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The pandemic may have accelerated consumers' shift online, but don't expect Americans to forgo theaters permanently for streaming or stop shopping at the grocery store. Concerts and conferences will eventually come back, but the post-pandemic future will likely be very different.
Those are some of the insights from Atom Tickets co-founder Matthew Bakal and Greycroft's Elaine Russell, who spoke in a dot.LA Summit panel moderated by KPMG audit partner Charity Manley on Wednesday. Atom Tickets is a digital movie ticketing service and Greycroft is a venture firm which focuses, in part, on retail.
Though many are staying home, Americans are still spending money, Russell said, and ecommerce is doing much better than many predicted.
"We went through an acceleration during this pandemic that we thought would take five to 10 years," she added. "And we just achieved that digital acceleration over the last nine months. And I think it's only going to continue."
The turn to ecommerce was a trend long in the making, one that is reflected in the decline of shoppers flocking to malls and stores on Black Friday in recent years and the increased numbers of online purchases on Cyber Monday.
"Black Friday will not be what it used to be. Cyber Monday is where it will be at," she said. "We've already seen that trend over the past few years."
One of the most dramatic shifts online has been in the grocery industry. Pre-pandemic, about 2% to 3% of all sales were made online through apps like Instacart or grocers' own apps and websites.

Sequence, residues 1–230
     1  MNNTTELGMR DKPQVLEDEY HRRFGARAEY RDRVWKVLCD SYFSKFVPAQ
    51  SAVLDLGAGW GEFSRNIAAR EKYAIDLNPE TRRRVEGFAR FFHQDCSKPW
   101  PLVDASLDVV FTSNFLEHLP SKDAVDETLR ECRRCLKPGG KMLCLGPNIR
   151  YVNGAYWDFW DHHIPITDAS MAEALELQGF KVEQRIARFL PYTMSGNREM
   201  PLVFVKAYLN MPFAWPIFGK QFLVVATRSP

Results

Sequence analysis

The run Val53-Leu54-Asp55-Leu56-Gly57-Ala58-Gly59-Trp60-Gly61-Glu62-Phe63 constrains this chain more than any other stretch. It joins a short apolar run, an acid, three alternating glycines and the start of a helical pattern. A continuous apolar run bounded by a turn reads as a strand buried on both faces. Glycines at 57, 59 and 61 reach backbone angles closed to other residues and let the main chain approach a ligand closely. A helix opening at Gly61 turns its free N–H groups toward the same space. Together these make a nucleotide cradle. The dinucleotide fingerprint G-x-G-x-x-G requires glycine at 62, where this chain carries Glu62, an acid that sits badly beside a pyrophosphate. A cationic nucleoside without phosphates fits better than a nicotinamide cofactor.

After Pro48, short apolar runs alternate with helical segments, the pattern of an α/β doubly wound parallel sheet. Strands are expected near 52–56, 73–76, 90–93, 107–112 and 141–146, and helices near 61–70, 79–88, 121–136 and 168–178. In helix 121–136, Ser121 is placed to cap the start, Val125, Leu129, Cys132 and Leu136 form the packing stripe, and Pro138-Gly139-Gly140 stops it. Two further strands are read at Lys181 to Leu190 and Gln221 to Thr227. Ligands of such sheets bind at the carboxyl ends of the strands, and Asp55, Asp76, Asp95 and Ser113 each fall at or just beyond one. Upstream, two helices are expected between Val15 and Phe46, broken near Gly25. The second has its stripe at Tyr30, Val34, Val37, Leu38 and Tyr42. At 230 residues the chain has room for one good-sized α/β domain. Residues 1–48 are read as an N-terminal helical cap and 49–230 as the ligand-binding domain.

"Right now, it's closer to 10 to 15%. We think that in the next five years, that'll increase to 20-plus percent of all grocery spending," she said.
In both the event and retail spaces, Bakal and Russell believe consumers will emerge from the pandemic used a hybrid shopping experience. People will prefer shopping at brick-and-mortar stores or seeing events in person. They'll rely on ecommerce for convenience, they predicted.
"Post pandemic, [people] will go back to some sort of mixed behavior where they will go to the grocery store for some things, but a lot of other things and their traditional sort of staples, they'll buy online, and have delivered," said Bakal.
Movie theaters have slowly opened in many parts of the country and people are returning to the cinema, but the movies haven't followed. Still, Bakal is optimistic.
People are "going to movies, going to restaurants in the country at a lower, but a growing rate," he said. "So for us, it's been about shrinking down to the right size, and focusing on the future to make sure that we're here at the other end of this."
While streaming will still be a big part of people's lives, Bakal believes people will still go to the theatre or drive-in — another form of movie-viewing that has surged during the pandemic — for an in-person experience.
"I think movie theaters, movies will be back earlier than concerts and live sporting events, perhaps because it's just the amount of people in the crowd control," said Bakal. "The planning it takes to deal with those types of venues is different and takes a little more lead time."
In many ways, theaters are facing the same dilemma that restaurants are, as would-be diners begin creating their own traditions at home. That doesn't mean there isn't a space for dine-in restaurants, it means there is an opening for creating new versions of that.
"There is a shift towards these home-cooked meals and towards family and health and all these different markets," said Russell, adding they "kind of roll up in the same thesis — that there's a lot of room for innovation around this, a lot in this space and a lot of opportunity."
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